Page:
Conservatives' Third Party Is Going Nowhere
Some conservatives are so upset by Donald Trump's triumph that they're seeking a third-party candidate from the right. William Kristol, the ubiquitous conservative operative/editor of the Weekly Standard, met privately with 2012 Republican presidential nominee Mitt Romney last week to "discuss the possibility of launching an independent bid, potentially with Romney as its standard-bearer," the Washington Post reported. Kristol had previously tried to woo retired Marine Gen. James N. Mattis, who apparently demurred.
There is something nutty about this, and not simply because third-party candidates face a difficult road in American politics. Kristol and like-minded conservatives are seeking a vehicle for a conservative candidate for only one reason: The nation's conservative party just rejected more than a dozen opportunities to nominate someone acceptable to them.
In other words, having started the primary season with more than a dozen champions, then having failed to win the competition within the conservative party, these conservatives are now eager to compete in the even less receptive arena outside the conservative party. You can't say they lack gumption.
One potential independent candidate, mentioned by Kristol and others, is Nebraska Senator Ben Sasse, who is a stalwart of the #neverTrump camp. Sasse published an open letter on his Facebook page laying out the need for an independent run.
Melissa and I got the kids launched on homework, so I’ve been sitting out by the river, reflecting on the great gap between what folks in my town are talking about, and what folks in the DC bubble are talking about.
Sasse treats us to the wisdom of his local townfolk, who are tired of all the goings-on in Washington, don't cotton to Trump or his likely Democratic opponent, Hillary Clinton, and are, as the caricature demands, bursting with small-town virtue and plain common sense.
Perhaps when you have a Ph.D in philosophy from Yale, and represent a rural state, as Sasse does, these are the conventions you resort to. But much of Sasse's Facebook post reads like a road map of conservative self-delusion.
"With Clinton and Trump," he wrote, "the fix is in. Heads, they win; tails, you lose. Why are we confined to these two terrible options? This is America. If both choices stink, we reject them and go bigger. That’s what we do."
Republican voters in every region of the country, over the course of many months, chose Trump over 16 conservative opponents. That is the fix. In effect, options have been acted upon. Choices have been made. Sasse just happens to be about a year late to the decision desk.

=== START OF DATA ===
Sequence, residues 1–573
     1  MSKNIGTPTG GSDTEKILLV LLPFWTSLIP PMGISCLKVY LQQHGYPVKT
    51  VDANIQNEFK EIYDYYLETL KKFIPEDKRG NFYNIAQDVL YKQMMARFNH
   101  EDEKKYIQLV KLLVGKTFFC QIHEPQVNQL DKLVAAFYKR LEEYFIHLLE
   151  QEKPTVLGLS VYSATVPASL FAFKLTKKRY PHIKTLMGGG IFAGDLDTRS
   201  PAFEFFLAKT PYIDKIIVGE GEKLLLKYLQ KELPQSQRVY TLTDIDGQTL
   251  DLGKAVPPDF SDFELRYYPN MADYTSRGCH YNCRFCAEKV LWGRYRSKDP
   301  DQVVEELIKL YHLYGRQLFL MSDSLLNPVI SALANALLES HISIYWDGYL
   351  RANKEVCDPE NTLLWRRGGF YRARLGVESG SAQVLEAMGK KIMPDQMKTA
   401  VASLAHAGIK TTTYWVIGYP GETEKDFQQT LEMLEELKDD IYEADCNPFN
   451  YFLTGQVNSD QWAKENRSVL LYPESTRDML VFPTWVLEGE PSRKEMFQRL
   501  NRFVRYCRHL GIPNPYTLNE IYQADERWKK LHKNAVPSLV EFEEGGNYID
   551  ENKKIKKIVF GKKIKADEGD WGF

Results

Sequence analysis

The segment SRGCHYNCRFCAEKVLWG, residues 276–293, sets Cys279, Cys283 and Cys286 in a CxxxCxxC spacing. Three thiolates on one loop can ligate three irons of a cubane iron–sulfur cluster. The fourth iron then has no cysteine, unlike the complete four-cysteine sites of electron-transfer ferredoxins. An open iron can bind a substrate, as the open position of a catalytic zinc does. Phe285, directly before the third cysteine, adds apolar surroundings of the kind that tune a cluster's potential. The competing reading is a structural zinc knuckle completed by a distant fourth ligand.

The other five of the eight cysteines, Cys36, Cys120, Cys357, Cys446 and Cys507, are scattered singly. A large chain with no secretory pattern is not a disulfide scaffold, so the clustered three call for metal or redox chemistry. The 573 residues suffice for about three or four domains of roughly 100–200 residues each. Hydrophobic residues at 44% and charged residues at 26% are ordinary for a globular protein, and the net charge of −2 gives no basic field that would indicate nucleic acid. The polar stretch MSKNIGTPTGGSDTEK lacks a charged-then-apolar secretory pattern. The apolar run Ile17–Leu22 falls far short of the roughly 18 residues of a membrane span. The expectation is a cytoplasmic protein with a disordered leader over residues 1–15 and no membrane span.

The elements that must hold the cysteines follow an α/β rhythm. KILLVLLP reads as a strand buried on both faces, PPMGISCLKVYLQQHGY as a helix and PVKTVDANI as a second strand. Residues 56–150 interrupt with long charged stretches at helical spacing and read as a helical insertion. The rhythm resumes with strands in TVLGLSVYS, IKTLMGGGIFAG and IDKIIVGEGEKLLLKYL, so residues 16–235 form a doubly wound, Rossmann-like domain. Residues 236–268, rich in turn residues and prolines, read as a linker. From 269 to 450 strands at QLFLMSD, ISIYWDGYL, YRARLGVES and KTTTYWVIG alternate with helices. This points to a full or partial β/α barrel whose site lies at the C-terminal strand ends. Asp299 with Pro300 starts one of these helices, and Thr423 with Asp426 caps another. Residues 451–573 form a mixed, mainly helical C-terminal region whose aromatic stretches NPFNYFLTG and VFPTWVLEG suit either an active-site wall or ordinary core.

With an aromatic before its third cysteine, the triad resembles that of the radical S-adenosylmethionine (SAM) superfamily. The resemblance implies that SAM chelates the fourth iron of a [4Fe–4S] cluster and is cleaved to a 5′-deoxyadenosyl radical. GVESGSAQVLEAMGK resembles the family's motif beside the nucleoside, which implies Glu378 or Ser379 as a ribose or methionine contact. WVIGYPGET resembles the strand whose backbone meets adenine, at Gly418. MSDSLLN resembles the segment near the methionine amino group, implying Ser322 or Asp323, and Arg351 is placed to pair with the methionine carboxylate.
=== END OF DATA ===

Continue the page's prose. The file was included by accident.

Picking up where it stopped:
Sasse proceeded to outline four "big national problems" that a common-sense independent candidate should focus on:
♦ National security "for the age of cyber and jihad;"
♦ "Honest budgeting/entitlement reform so that we stop stealing from future generations;"
♦ "Empowering states and local governments to improve K-12 education" while Washington updates lifetime learning programs;
♦ "Retiring career politicians by ending all the incumbency protections, special rules, and revolving door opportunities for folks who should be public 'servants,' not masters."
"This really shouldn’t be that hard," Sasse concluded.
Debate over what to do about each problem he cited divides his own party, let alone the nation at large. Remarkably, Sasse failed to include the conservatives' great unifying theme, Obamacare, on his list. When he launched his Senate campaign in 2013, he certainly recognized its dramatic appeal. “If it lives," Sasse said of the Affordable Care Act, "America as we know it will die.”
This, of course, is precisely the sort of overwrought, Palinesque gibberish that has brought conservatism into disrepute.
Consensus on Sasse's four issues isn't impossible. For example, according to Gallup data, to protect Social Security, voters consistently prefer raising taxes to cutting benefits. Congressional Republicans, however, want the opposite. Are Sasse and his GOP colleagues ready to join the American consensus? (It's not that hard.)
Sasse and Kristol have every reason and right to turn their backs on Trump. But the notion that the nation needs a political party pure enough for their conservatism seems to get the problem exactly wrong. We already have such a party. If their brand of conservatism failed there, it failed, period.
This column does not necessarily reflect the opinion of the editorial board or Bloomberg LP and its owners.
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